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The Politics of Information Markets, and Information Markets in Politics

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The Politics of Information Markets, and Information Markets in Politics Adam Meirowitz Joshua Tucker Princeton University Politics of Information Markets The Legacy ... – PowerPoint PPT presentation

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Title: The Politics of Information Markets, and Information Markets in Politics


1
The Politics of Information Markets, and
Information Markets in Politics
  • Adam Meirowitz
  • Joshua Tucker
  • Princeton University

2
Politics of Information Markets
  • The Legacy of PAM
  • Political Reaction
  • Media Reaction
  • Result for Program
  • Lessons from PAM for future political information
    markets

3
The Legacy of PAM
  • Summer of 2003 Defense Advanced Research
    Projects Agency (DARPA) funds development of a
    Policy Analysis Market for futures on political
    events in the Middle East
  • Robin Hanson knows far more about the project.

4
What was DARPAs proposed informaton market
called?
  • Unbelievably stupid - Sen. Dorgan
  • A futures market in death - Hillary Clinton
  • make believe markets trading impossibilities
    that turn the stomach - Sen. Wyden
  • Dr. Strangelove caught in bizarre betting
    parlor

5
What happened?
  • July 28, Sens. Wyden and Dorgan (D) press
    conference
  • Morning of July 29, NYT and major press sources
    cover
  • Afternoon of July 29, the program is cancelled
  • Deputy Defense Secretary Wolfowitz I share your
    shock at this kind of program. Well find out
    about it but its being terminated.

6
Postscript
  • Admiral Poindexter eventually retires in
    embarrassment
  • Bipartisan criticism
  • All this over a market that never opened

7
Number of Newspaper articles on PAM (July-August
2003) Lexis-Nexis search
8
Media issues
  • Majority of coverage was superficial dealing with
    morality
  • A few stories speculate about
  • Inducement of terrorism-profit motive
  • Terrorists getting rich (External)
  • Manipulation of market by terrorist (Internal)
  • Primacy of Iowa as reference point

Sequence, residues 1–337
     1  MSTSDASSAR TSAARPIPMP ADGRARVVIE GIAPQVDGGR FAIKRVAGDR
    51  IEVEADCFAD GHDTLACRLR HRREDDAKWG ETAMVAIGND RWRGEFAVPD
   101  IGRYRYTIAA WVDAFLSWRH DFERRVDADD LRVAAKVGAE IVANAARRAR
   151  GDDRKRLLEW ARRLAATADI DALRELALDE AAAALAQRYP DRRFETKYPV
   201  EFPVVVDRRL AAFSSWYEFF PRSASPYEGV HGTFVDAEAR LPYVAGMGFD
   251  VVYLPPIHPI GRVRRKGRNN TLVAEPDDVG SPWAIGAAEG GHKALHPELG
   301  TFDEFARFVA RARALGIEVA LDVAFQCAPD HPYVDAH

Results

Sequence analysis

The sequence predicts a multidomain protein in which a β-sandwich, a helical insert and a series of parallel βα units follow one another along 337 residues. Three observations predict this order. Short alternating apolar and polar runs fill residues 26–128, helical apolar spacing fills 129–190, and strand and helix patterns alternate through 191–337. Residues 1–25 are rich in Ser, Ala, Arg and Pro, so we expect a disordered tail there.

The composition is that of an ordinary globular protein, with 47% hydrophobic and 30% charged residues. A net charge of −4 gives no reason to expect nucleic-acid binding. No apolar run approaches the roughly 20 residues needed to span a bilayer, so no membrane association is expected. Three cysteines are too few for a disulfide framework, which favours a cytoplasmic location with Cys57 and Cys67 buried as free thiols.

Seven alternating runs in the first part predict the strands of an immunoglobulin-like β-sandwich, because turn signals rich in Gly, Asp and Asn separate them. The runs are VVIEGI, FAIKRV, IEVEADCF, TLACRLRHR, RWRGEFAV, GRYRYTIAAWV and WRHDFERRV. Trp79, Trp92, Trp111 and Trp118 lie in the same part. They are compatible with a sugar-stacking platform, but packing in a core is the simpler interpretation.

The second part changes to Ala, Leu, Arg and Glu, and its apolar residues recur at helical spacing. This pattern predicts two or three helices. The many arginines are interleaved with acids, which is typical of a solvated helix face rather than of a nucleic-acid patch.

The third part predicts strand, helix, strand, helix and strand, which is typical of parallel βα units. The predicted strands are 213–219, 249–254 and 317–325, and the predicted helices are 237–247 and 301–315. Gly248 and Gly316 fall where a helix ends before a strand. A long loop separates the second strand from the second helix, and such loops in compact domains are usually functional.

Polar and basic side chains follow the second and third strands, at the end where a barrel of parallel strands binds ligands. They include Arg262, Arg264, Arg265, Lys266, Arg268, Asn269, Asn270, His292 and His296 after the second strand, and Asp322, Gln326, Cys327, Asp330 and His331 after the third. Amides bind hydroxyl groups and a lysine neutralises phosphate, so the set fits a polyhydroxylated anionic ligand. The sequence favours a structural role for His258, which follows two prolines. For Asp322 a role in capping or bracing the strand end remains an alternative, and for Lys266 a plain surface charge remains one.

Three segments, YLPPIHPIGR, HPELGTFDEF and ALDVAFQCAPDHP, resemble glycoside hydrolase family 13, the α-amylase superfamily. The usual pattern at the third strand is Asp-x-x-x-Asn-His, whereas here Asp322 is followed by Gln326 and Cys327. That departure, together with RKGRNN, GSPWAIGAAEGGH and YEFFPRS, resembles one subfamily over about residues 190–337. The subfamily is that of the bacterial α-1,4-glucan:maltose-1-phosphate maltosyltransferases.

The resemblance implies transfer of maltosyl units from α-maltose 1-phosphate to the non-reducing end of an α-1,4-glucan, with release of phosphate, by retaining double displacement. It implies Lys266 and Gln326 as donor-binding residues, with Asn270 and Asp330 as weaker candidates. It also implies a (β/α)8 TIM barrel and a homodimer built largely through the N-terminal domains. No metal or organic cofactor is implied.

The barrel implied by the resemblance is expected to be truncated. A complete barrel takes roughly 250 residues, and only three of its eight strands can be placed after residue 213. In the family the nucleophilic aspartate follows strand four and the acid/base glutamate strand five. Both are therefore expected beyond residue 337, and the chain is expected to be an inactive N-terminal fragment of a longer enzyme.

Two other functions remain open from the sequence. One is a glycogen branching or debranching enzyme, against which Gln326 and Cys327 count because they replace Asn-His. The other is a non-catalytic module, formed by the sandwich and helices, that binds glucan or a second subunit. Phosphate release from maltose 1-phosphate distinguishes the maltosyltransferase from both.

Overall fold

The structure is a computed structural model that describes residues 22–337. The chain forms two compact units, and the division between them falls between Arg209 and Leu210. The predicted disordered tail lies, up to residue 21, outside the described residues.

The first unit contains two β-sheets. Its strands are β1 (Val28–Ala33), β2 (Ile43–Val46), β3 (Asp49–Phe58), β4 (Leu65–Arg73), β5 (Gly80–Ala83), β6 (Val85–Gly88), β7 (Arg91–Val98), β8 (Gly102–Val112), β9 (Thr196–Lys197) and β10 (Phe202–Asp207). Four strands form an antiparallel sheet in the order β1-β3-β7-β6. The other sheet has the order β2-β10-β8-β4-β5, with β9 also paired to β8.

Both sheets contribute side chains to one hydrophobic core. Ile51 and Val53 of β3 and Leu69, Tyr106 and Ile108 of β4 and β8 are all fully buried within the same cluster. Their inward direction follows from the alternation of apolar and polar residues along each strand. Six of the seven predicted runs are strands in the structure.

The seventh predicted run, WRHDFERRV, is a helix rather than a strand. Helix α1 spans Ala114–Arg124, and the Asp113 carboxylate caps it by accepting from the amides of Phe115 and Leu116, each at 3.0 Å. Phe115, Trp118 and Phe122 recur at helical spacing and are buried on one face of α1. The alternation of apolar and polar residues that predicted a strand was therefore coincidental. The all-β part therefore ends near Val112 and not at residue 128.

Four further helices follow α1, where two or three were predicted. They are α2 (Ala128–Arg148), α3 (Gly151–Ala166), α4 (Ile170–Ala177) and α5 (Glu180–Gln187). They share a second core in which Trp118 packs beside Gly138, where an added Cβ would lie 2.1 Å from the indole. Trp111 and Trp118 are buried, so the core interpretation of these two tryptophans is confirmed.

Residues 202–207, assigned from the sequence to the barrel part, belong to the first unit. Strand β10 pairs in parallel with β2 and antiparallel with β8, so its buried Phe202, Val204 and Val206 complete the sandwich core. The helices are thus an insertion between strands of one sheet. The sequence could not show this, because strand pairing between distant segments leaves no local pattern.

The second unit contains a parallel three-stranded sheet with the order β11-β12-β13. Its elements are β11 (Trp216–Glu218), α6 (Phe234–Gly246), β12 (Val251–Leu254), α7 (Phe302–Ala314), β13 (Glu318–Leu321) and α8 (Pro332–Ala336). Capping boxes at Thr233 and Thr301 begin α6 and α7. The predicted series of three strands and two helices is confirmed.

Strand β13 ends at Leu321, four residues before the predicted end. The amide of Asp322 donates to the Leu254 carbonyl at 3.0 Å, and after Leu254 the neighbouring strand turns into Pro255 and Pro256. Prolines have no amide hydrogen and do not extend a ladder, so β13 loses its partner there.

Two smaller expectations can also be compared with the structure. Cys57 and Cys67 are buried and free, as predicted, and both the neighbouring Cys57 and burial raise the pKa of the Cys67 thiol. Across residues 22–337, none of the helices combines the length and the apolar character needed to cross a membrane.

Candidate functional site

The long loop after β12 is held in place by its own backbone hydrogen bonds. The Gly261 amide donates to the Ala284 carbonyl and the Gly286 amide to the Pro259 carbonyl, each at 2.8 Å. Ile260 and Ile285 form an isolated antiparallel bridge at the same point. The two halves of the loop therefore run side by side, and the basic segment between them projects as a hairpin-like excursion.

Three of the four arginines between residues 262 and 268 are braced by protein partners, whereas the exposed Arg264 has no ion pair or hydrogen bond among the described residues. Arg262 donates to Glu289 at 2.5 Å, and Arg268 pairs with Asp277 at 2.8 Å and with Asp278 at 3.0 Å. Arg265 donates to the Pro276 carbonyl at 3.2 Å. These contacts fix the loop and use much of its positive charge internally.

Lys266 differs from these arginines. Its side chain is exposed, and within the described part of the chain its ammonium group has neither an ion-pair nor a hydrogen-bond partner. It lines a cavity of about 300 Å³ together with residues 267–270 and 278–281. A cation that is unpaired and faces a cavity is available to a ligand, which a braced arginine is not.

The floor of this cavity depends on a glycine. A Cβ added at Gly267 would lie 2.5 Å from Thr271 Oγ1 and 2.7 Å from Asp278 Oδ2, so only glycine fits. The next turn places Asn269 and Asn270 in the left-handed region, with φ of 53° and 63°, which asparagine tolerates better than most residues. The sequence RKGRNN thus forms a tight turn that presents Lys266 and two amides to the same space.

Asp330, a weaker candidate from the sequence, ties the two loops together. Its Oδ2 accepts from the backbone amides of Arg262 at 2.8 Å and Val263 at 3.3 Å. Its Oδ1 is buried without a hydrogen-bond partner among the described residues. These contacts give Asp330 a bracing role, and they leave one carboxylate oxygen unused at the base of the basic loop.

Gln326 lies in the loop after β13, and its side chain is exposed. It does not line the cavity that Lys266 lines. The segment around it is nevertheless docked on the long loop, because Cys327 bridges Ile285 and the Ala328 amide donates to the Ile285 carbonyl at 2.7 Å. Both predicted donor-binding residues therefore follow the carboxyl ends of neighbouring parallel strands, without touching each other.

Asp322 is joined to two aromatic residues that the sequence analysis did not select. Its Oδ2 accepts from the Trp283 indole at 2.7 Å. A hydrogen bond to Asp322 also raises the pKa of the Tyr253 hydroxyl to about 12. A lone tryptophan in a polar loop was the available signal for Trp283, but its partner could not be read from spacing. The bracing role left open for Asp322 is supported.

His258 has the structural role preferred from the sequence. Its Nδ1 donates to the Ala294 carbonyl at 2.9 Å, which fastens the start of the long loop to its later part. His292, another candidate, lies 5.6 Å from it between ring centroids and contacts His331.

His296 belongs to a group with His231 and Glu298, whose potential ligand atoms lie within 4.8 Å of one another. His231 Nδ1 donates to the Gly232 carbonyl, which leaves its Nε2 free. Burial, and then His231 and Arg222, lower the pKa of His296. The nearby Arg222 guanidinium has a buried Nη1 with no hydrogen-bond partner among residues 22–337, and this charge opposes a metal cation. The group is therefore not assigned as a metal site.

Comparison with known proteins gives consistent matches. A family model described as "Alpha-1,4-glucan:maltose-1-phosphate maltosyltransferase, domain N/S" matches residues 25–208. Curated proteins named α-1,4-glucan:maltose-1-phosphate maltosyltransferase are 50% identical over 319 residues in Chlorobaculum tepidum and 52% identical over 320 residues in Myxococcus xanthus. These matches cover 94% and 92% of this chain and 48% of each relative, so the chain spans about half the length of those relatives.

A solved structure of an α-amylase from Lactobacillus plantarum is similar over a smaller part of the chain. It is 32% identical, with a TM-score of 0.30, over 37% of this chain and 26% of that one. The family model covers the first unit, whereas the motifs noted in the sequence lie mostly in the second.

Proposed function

9
Packaging
  • Problem Profit as inherently dangerous concept
    politically
  • Solution Frame markets comparatively

10
Profit as inherently dangerous concept
politically
  • Immoral to profit on bad events
  • Threat to manipulation when profit is at stake
    seems more consequential in a political context
  • Throwing a basketball game vs throwing an
    election.
  • Manipulating a stock price vs. a terrorist attack

11
Packaging suggestions
  • Frame market as improvement over other
    aggregation institutions
  • Organizations already exist for these purposes,
    so question is not about topic
  • Question is are markets better at aggregating
    information?
  • Do the actual welfare comparison so politicians
    see the trade offs
  • Provide this information as part of introduction
    so politicians, press can reference it in initial
    evaluations

12
Information Markets in Politics
  • Incentives when information market is imbedded in
    a policy making setting
  • Information from market prices can effect beliefs
    about states which effect preferences about
    policies
  • But this may lead to an incentive
    problem-Manipulate beliefs to influence policy
    selection

13
Simple informational environment
  • Two states x ea,b, two policies p ea,b.
  • Some agents (?1) want px some (?-1) want p?x.
  • Agents know which preference type they are and
    learn a signal s that is informative about x.
  • Mechanism aggregates information and preferences
    and selects p
  • Question Can we get the full information
    majority rule core policy?

14
Communication and voting
  • Without transfers communication will not work.
  • Some type (?-1) is likely to be in minority
  • They want to influence beliefs about x
  • So lying about s is a desirable deviation

15
State contingent transfers
  • With transfers that depend on message and state
    truthful implementation is possible.
  • Transfer to i needs to compensate for probability
    that is information moves posteriors about x in
    a meaningful manner.

16
Message contingent transfers
  • With transfers that depend on just other messages
    truthful implementation is possible.
  • Incentive to be truthful as best predictor of
    other messages is your own message.

17
Decentralizing transfer schemes
  • Give agents choice of Arrow Securities on state
    or on majority message.
  • Prices are selected to satisfy IC conditions and
    budget balance.

18
How about endogenous prices
  • Markets as games (Shapely and Shubik, 1977
    Jackson and Peck, 1999)
  • Endow traders with risk free asset and Arrow
    security that pays off if xa.
  • Allow trader to decide if she wants to sell B
    units of the risk free (action 1) or sell Q units
    of the risky asset (action 0).
  • Set price of PBn1/Qn0

19
Positive result
  • We can fix values of B and Q to achieve the full
    information majority rule core.

20
But.
  • Letting participants determine how much they want
    to trade, can be problematic.
  • Finite populations full aggregation fails
    (Dubey, Geanakopolis and Shubik 1987)
  • Failure of efficient markets hypothesis in these
    games without politics (Peck and Jackson)
  • Open question when imbedded in political problem.
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